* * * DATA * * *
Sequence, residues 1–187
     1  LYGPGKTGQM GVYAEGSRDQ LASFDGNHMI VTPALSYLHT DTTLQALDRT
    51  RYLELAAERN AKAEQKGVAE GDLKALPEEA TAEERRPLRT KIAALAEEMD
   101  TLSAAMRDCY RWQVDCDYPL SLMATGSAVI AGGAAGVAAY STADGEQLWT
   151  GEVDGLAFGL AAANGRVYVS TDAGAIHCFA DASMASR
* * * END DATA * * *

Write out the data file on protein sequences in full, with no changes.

Sequence, residues 1–187
     1  LYGPGKTGQM GVYAEGSRDQ LASFDGNHMI VTPALSYLHT DTTLQALDRT
    51  RYLELAAERN AKAEQKGVAE GDLKALPEEA TAEERRPLRT KIAALAEEMD
   101  TLSAAMRDCY RWQVDCDYPL SLMATGSAVI AGGAAGVAAY STADGEQLWT
   151  GEVDGLAFGL AAANGRVYVS TDAGAIHCFA DASMASR